A recent (two and a half weeks ago) post compared the charts of two leading Australian Energy stocks: Origin Energy and AGL Limited. The share price of one (Origin Energy) had been savaged as a result of the collapse in the price of crude oil. The share-price of the other (AGL Limited) had not only been unaffected, it had risen to an all-time high.
Both stocks may prove to be excellent choices for retail investors, but represent opposing investment strategies. The former a potential recovery stock. The later a momentum riding stock. The earlier post established a baseline for comparing the performance of these two stocks.
Results to date
In this time the share price of Origin Energy appreciated from about $3.50 to $4.98, a gain of 42.3%, after forming a double bottom, and initiating an upwards trend. The rebound has now touched the 38.2% Fibonacci retracement level, and the RSI is touching the overbought level at 70, suggesting that there could be a pause for the present in further upwards trending.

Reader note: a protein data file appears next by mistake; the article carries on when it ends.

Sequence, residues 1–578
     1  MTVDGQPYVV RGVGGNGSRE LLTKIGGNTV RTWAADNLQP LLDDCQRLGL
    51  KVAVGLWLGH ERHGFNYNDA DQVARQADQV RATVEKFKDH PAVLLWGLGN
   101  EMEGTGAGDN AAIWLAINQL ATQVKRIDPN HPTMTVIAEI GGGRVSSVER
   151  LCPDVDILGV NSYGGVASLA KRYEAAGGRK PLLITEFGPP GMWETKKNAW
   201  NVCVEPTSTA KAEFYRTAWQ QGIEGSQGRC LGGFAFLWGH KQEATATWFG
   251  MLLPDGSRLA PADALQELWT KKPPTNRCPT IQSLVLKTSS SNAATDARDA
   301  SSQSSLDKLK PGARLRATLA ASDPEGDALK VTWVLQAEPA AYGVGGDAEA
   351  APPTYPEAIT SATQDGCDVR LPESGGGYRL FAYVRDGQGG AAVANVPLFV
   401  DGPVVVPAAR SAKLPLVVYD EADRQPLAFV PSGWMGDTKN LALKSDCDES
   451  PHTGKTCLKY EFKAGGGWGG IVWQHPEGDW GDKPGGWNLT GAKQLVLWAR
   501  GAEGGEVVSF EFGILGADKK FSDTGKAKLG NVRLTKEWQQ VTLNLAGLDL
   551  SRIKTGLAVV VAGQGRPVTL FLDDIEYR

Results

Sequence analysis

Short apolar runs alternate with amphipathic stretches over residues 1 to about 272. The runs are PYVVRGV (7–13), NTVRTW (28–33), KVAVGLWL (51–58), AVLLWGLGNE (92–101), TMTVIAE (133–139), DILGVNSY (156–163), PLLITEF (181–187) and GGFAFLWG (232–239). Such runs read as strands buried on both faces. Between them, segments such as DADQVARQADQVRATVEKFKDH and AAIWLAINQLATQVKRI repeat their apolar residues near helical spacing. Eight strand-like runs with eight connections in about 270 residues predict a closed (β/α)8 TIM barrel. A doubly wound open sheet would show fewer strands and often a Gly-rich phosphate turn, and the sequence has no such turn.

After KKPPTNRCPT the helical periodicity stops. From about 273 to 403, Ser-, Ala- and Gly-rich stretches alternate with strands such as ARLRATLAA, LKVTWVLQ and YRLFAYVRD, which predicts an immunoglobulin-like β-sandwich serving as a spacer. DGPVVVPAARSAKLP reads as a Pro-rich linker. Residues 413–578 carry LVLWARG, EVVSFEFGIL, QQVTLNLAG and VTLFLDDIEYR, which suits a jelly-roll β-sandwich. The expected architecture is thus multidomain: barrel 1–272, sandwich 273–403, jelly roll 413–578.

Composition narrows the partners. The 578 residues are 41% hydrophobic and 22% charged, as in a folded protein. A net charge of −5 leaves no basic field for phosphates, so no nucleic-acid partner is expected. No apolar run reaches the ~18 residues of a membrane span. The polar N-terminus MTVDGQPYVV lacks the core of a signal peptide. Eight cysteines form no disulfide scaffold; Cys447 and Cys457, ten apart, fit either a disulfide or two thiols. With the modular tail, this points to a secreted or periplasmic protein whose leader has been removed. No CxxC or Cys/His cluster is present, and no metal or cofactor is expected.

In this time, the share price of AGL has been static, being $18.38 at close on the 15/2/16, and $18.22 at the time of writing. A second lower peak has formed following the all time high of $19.65, and the last two candlesticks form a bearish engulfing pattern, suggesting that the share price might soon test support at $18. $18 is also the most recent 60 day moving average value for AGL. This could be considered an approximate recent (past three months) estimate of what the market considers is a fair price for AGL.
A single chart is like a snapshot. A trading story can only evolve with time, and to read it one must have a sequence of charting pictures. Momentum plays such as AGL will outperform only as long as their momentum lasts. There is often transition from an uptrend into a trading range, a breathing space that can be used to look for alternative up-trending options.
Recovery stocks, such as 42.3% for Origin Energy within the last 3 weeks, can be extremely rewarding, but are much less predictable.